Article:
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Why the sell-off in big tech looks overdone

Alex Gluyas
Nov 3, 2022

Nick Griffin is the Chief Investment Officer of Munro Partners. Mr Griffin will present an investment idea at the Sohn Hearts & Minds conference in Tasmania on November 18.

Has the sell-off in the global tech giants been overdone?

The global tech giants are in the penalty box right now. After a decade of strong growth, with most of them reaching $US1 trillion in market cap, they have ultimately become more sensitive to the macroeconomy than they have been previously due to their enlarged size. As the economy slows, so too has their revenue growth.

However, what has surprised us a little is not their slowing growth but their inability to manage the cost base better in a downturn. As predominantly digital businesses, they should be able to adjust the cost base better than more traditional companies. But so far, while management has talked a good game like hiring freezes, they have continued to spend.

Meta (previously Facebook) is the most egregious example, who looks set to spend in excess of $US100 billion in corporate expenses and capex in 2023 building out founder Mark Zuckerberg’s metaverse ambitions.

While the sell-off does look overdone, the decision from here is which one of these companies can manage costs to a slowing revenue environment and ultimately improve shareholder returns. For us, Amazon and Google have the management teams and the opportunity to do this and look best placed to solve this over the coming quarters. Meta, on the other hand, looks likely to be stuck in the penalty box until the metaverse investments start to pay off … if at all.

Which stock focused on the clean energy transition are you most bullish on?

For us, the obvious winners are utilities that will need to be incentivised to build the transition – so think the renewable power that will drive the clean economy. Here we like companies like Nextera Energy in the US and RWE in Germany.

Beyond the utilities, there are also many opportunities in electric vehicles and home generation. But the ones we are most bullish on are the forgotten ones, where some don’t realise how important they are to the transition.

Here we would flag LNG. While gas is a fossil fuel, it is essential to replace coal in countries like China, India and more recently Europe. Cheniere Energy, based in the US, is the second largest LNG exporter in the world and looks well-placed to fill this need over the coming decades.

What’s a stock you’d like to own but don’t for some reason?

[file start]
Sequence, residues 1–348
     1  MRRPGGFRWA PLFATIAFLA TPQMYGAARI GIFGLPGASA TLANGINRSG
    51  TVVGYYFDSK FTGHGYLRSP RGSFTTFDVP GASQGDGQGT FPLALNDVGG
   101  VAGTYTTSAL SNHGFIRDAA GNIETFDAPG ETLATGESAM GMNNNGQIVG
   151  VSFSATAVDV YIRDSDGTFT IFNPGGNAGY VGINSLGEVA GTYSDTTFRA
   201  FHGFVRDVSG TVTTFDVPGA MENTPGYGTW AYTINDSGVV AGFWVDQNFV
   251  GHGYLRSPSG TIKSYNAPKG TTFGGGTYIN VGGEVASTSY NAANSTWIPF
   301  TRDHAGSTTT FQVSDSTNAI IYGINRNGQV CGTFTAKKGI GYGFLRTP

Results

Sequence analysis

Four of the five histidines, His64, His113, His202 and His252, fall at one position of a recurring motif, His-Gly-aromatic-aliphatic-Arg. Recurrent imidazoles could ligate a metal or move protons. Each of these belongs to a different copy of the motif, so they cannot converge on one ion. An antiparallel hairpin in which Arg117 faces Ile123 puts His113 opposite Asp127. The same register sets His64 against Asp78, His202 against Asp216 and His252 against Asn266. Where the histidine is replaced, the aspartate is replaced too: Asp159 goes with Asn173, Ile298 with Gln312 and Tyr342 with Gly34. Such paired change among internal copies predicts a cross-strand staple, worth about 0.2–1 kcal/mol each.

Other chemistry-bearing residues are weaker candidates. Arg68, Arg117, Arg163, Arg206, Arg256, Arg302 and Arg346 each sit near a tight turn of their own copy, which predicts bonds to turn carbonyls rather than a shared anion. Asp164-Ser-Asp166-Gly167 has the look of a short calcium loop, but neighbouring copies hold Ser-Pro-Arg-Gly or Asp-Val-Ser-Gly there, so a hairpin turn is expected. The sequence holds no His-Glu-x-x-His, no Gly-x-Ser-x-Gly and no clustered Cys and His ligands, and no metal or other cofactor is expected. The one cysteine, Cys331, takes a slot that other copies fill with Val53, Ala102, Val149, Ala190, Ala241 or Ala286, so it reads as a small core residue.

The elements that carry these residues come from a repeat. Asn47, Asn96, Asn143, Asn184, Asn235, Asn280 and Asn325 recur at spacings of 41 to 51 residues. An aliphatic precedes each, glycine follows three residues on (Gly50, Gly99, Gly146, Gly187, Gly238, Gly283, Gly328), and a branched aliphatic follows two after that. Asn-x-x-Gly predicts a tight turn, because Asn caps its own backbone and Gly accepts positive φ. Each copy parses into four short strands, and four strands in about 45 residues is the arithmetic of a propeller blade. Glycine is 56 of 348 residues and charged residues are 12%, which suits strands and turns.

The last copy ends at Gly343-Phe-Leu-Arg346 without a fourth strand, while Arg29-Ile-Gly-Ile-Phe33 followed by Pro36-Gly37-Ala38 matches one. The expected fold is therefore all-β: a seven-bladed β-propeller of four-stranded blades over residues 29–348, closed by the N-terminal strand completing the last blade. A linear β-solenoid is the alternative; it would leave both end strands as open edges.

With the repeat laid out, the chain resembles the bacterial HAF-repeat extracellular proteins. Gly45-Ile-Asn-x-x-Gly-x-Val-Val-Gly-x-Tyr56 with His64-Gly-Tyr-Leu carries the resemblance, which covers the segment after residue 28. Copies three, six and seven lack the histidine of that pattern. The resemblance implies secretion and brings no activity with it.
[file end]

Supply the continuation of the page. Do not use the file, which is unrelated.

The semiconductor stocks have been horrible in 2022 as the economy has slowed, and customers have begun to unwind the double ordering they were doing during the supply shortages in 2021. This will ultimately lead to a great opportunity to invest in an area we see as the oil of the digital economy.

A company we like but had missed in the previous semiconductor cycle is Marvel Technologies. The company focuses on networking products that are vital to how we connect to the cloud. As cloud computing grows, Marvel grows, and we see nothing to suggest this opportunity has gone over the medium term.

Which areas of the market are you shorting, and why?

Short exposure is relatively small currently, but for the ones we do have, there are two main areas we are currently focused on. The first is industrials, where we think the slowing economy that has gone through housing, retail and technology stocks will ultimately lead to a slowing capex environment for most industrials.

The second area is China, specifically Chinese listed equities. While clearly not a new idea, we suspect that government policy will ultimately see capital continue to leave the country, pressuring the equity market and the ability of Chinese corporates to raise financing.

Which stock produced the biggest surprise in the Q3 earnings season?

For us, it was Amazon. We are long-term supporters of the company, and while we halved our holding at the start of the year, we were looking to get bigger in the holding at some point and were hopeful that new CEO Andy Jassy would be able to show some more concrete progress towards improved profitability in the retail business.

Unfortunately, the economic slowdown and some over-investment during 2021 means it is taking longer to turn things around, and profitability shrank in the third quarter versus the second quarter. While we remain confident that Jassy can right the ship, it is taking longer than we hoped, and that was our biggest disappointment.

Which stocks have you recently added?

While we are a little late, we recently added pharmaceutical mega caps, Eli Lilly and Novo Nordisk. Both companies are at the forefront of commercialising GLP 1’s for the treatment of obesity.

Previously, pharmaceuticals were used to treat less than 5 per cent of morbidly obese patients. However, with the introduction of easy-to-use drugs such as Ozempic and Mounjaro, we now see this treatment expanding to the wider population to prevent Type 2 diabetes and the related co-morbidities.

Both companies appear to have a blockbuster on their hands here, and we are excited about the earnings growth ahead.

Favourite local bar/restaurant in Melbourne?

Lupino, Little Collins St. Richard Lodge and his team make the best crumbed veal in Melbourne and always have a good service and a good Barbera to accompany it.

Any podcasts or TV shows you’d recommend?

Apart from the Invest in the Journey podcast from Munro, I recently started listening to a podcast called The Knowledge Project, which is full of helpful insights from experts on how to make better decisions, keep your head and continue being nice to your family when things aren’t quite going the way you want them to, which has been happening a bit in 2022!

This article was originally posted by the AFR here.

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